In this chapter, the frame shifts to Harvard in January, 1910. Quentin and his Harvard roommate, Shreve McCannon, are talking about the Sutpen family. The chapter opens with reference to a recent letter from Quentin's father about Rosa Coldfield's death.
The first half of the text of the letter is presented in the beginning of this chapter, with Mr. Compson talking about her lingering (two week) coma. Quentin feels obliged to say something aloud about Rosa, and Shreve takes up the comment to ask a question that Quentin has been hearing (apparently) since he began at Harvard in the fall of 1909-the famous "Tell about the South."
Quentin begins by describing his first visit to the Sutpen house with Rosa, in September of 1909. Shreve interrupts in a long parenthetical series of questions that start to establish context by recapitulating much of what is already known about the plot. Shreve asks long, involved questions that fill several pages and Quentin responds only with "Yes."
Then, in the middle of this series of questions, Quentin observes that Shreve sounds like Mr. Compson, his father, and he enters a long italicized flashback that begins with the important realization that Mr. Compson didn't know as much about the Sutpen family history as he did after Quentin's return from his visit to the Sutpen house that night in 1909. In other words, Quentin knows more about the Sutpen family history than his father, and Shreve himself has already achieved a level of understanding equal to Mr. Compson.
Quentin himself thinks through some of the details of the story, saying that Sutpen must have realized his limited time and resources when he returned after the war, and that he must have tried to plan things carefully. He talks about Sutpen's country store, about Wash's importance in the store and to Sutpen in general as companion, and about Wash's role in the seduction of his granddaughter Milly. He imagines Sutpen as a drunk, with Wash carrying him home and putting him to bed, when Wash had not been permitted in the house before. He also imagines Wash murdering Sutpen with the scythe, and Judith dressing the body and taking it to the family cemetery to be buried.
Within this imagining, Shreve interrupts to bring up an incidental visit that Mr. Compson and Quentin make to that family cemetery. Quentin starts re-telling that incident, involving Luster trying to avoid going near the old Sutpen house, and Mr. Compson talking about Sutpen's purchase of two imported headstones while still in the war, and how Sutpen took extreme pains to bring the headstones to Mississippi through a Union blockade and across a war-torn South in 1864. Then Mr. Compson starts asking Quentin to try to figure out how the other three headstones were purchased and placed. Mr. Compson says that Judith paid for Bon's headstone with money from the sale of Sutpen's store. This brings up Bon's "octoroon" wife's visit to Sutpen's Hundred in 1870, with Charles Etienne in tow, and her visit at the grave.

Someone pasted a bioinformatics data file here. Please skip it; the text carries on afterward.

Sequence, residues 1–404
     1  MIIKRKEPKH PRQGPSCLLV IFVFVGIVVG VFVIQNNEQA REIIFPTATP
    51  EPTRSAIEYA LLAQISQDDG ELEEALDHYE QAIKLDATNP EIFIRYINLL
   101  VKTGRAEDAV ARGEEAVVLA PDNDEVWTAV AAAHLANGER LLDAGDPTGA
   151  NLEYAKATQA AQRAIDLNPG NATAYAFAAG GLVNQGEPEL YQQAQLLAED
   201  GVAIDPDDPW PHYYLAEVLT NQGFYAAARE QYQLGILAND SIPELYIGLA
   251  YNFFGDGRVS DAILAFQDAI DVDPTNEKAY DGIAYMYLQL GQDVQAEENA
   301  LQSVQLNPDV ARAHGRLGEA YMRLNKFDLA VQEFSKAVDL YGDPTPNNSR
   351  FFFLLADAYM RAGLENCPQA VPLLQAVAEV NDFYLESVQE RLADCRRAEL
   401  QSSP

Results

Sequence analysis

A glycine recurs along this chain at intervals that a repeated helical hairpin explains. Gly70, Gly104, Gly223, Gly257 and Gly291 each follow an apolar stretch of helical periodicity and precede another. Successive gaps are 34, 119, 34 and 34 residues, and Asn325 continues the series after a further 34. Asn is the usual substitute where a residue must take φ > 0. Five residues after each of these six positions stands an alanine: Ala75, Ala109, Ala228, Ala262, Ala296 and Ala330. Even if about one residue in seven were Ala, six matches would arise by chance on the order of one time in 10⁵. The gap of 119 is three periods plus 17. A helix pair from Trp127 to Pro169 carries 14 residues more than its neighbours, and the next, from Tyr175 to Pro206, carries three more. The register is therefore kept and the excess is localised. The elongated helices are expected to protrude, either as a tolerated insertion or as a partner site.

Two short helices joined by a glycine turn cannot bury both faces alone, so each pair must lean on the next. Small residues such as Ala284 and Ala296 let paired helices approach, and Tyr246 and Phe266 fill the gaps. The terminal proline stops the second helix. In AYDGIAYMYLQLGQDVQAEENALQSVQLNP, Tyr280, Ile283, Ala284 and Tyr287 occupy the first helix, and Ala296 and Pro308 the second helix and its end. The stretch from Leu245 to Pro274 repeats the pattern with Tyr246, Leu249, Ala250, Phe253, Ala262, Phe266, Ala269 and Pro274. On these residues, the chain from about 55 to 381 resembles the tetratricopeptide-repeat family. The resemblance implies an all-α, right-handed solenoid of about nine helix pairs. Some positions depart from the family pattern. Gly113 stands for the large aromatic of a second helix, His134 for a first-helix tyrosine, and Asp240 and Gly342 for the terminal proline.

Mr. Compson also mentions how Clytie went to New Orleans to fetch Charles Etienne in 1871, after the "octoroon" had died. Then Mr. Compson relates much of Charles Etienne's brief story, telling how he would appear at "negro" parties and start fights, and how he eventually ended up in court with General Compson, and how Compson offered him money and suggested that he leave Yoknapatawpha and become a different person (suggesting that he might pass for white if he wanted to). Charles Etienne disappears for a year, and returns with a full-blood "negro" wife. He takes up residence on Sutpen's Hundred, builds a small cabin, and soon has a child (Jim Bond). In 1884, he contracts yellow fever, which he passes to Judith, and they both die. Judith makes arrangements to pay for Charles Etienne's headstone far in advance, though Clytie insists on paying for it. Rosa Coldfield tells Judge Benbow to pay for Judith's headstone. This brings up a mention of Rosa's finances, and how Benbow financed her expenses out of his own pocket.
Quentin also mentions a brief childhood incident where, as a small boy, he and some other boys had wandered onto the Sutpen property and began daring each other to enter the decrepit Sutpen house. They were surprised by the aging Clytie and Jim Bond, and ran.
Quentin's responses early in the chapter (connecting Shreve's remarks about Rosa to questions about the South in general) suggest that the story of Sutpen can help explain the South, if such a thing is possible.
This chapter seems to begin after many long conversations between Quentin and Shreve about the South and about the Sutpen family. Shreve seems to know quite a bit already, and he is able to point out flaws and inconsistencies in the story that Quentin seems aware of but unable to articulate. In other words, this particular combination of the Southerner and the curious Canadian allows the story to take a fuller shape than the previous speeches from Mr. Compson and Rosa Coldfield.
The tombstones in the Sutpen family cemetery represent another important piece of factual evidence, and Mr. Compson seems to be teaching Quentin to read them, encouraging him to make his own conclusions about who purchased, composed, and placed them. They become a way to talk about what happens after Sutpen's death, and how the Sutpen family story connects with the present moment of the novel (now 1910).